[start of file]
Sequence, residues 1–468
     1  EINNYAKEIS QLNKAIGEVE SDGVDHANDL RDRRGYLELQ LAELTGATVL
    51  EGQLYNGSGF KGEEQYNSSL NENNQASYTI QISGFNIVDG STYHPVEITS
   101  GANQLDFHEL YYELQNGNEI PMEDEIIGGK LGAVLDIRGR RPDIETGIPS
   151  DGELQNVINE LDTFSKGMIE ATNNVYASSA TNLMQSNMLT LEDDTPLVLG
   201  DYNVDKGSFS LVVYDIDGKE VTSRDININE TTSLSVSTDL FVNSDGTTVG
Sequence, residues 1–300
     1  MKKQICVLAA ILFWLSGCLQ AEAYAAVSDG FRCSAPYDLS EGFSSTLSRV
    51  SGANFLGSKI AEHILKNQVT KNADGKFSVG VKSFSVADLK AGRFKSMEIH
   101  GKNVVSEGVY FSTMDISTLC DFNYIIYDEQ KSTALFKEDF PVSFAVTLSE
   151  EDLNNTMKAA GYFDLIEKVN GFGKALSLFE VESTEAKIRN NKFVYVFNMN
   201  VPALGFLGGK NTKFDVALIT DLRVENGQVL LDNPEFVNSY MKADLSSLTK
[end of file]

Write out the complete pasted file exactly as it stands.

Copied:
Sequence, residues 1–468
     1  EINNYAKEIS QLNKAIGEVE SDGVDHANDL RDRRGYLELQ LAELTGATVL
    51  EGQLYNGSGF KGEEQYNSSL NENNQASYTI QISGFNIVDG STYHPVEITS
   101  GANQLDFHEL YYELQNGNEI PMEDEIIGGK LGAVLDIRGR RPDIETGIPS
   151  DGELQNVINE LDTFSKGMIE ATNNVYASSA TNLMQSNMLT LEDDTPLVLG
   201  DYNVDKGSFS LVVYDIDGKE VTSRDININE TTSLSVSTDL FVNSDGTTVG
Sequence, residues 1–300
     1  MKKQICVLAA ILFWLSGCLQ AEAYAAVSDG FRCSAPYDLS EGFSSTLSRV
    51  SGANFLGSKI AEHILKNQVT KNADGKFSVG VKSFSVADLK AGRFKSMEIH
   101  GKNVVSEGVY FSTMDISTLC DFNYIIYDEQ KSTALFKEDF PVSFAVTLSE
   151  EDLNNTMKAA GYFDLIEKVN GFGKALSLFE VESTEAKIRN NKFVYVFNMN
   201  VPALGFLGGK NTKFDVALIT DLRVENGQVL LDNPEFVNSY MKADLSSLTK